Judge refuses to remove electronic monitor from Kevin Olsen, former QB for UNCC

CHARLOTTE, NC (WBTV) - A judge in Mecklenburg County has denied a motion to modify Kevin Olsen's bond conditions and remove the electronic monitor.

Olsen, the former quarterback for UNC Charlotte, was arrested last February and charged with sexually assaulting his ex girlfriend.

His attorney said Olsen has been abiding by the rules while out on bond with an electronic monitor.

"No late for curfew, no being outside of the out of bounds zone, not a single violation" Attorney George Laughrun said.

Laughrun told the judge that Olsen has been working as a landscaper and is four credits short of completing his college degree online.

The defense says Olsen lives at home with his parents in the Cornelius area and has no desire to contact the alleged victim.

Laughrun said Olsen has "no prior convictions, no prior conduct like this alleged in the past" and "evidence that we've been provided that says in the past with other girlfriends violence have happened – none of that."

Laughrun asked the judge to remove the electronic monitor.

"Kevin has had absolutely no contact with her – either by email, text message, Instagram, whatever the social media is – no contact at all," Laughrun said. "So the electronic monitoring I'd argue is of no benefit now for anybody."

Prosecutor Kristen Northrup disagreed.

"Your Honor, we believe it would be highly inappropriate to remove the only condition truly that Mr Olsen has in place as the victim fears for her safety in the circumstance" Northrup said.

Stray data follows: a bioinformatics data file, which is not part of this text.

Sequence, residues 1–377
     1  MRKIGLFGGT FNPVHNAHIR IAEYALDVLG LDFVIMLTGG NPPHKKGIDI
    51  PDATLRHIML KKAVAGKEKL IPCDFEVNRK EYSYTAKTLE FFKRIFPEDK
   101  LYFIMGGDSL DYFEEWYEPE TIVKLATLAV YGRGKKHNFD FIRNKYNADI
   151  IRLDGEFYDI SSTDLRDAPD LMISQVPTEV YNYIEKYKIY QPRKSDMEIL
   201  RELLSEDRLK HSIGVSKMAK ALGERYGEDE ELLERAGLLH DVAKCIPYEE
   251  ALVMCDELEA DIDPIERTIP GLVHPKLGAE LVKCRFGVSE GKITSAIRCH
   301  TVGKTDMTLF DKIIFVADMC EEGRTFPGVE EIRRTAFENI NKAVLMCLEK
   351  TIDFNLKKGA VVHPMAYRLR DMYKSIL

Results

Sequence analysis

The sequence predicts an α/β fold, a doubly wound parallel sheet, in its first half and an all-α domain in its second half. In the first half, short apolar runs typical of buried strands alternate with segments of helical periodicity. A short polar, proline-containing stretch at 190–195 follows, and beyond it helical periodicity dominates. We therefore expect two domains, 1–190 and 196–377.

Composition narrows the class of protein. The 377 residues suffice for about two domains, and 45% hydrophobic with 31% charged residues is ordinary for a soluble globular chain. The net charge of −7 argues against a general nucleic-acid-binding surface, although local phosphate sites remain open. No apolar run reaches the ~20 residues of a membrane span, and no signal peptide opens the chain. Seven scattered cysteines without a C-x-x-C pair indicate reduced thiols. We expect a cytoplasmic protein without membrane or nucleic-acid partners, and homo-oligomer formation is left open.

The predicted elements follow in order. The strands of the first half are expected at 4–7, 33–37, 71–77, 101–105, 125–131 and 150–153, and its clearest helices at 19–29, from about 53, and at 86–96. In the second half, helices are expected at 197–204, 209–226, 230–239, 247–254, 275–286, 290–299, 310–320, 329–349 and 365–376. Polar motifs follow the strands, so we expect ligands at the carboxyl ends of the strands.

The prosecutor said Olsen has a history of mental health and substance abuse issues, and that the woman is still enrolled at UNCC. Northrup said the incident left the woman scared.

Northrup said "the state is aware of at least one prior domestic violence relationship that the defendant was engaged in that is in his history. The victim reached out after seeing the news of this story to the victim in our case after this took place."

Olsen is Carolina Panthers' tight end Greg Olsen's younger brother.

"The court is well aware – Mr Olsen probably has more resources than anyone in this entire courthouse - should he choose to flee," Northrup said. "Of course he has been an upstanding citizen and while he has been on the monitor it did come to my attention while abiding by his curfew he was at a bar for a recent panthers game."

As soon as both sides presented their arguments, the judge ruled immediately and denied the motion.

Olsen has to continue wearing the electronic monitor.

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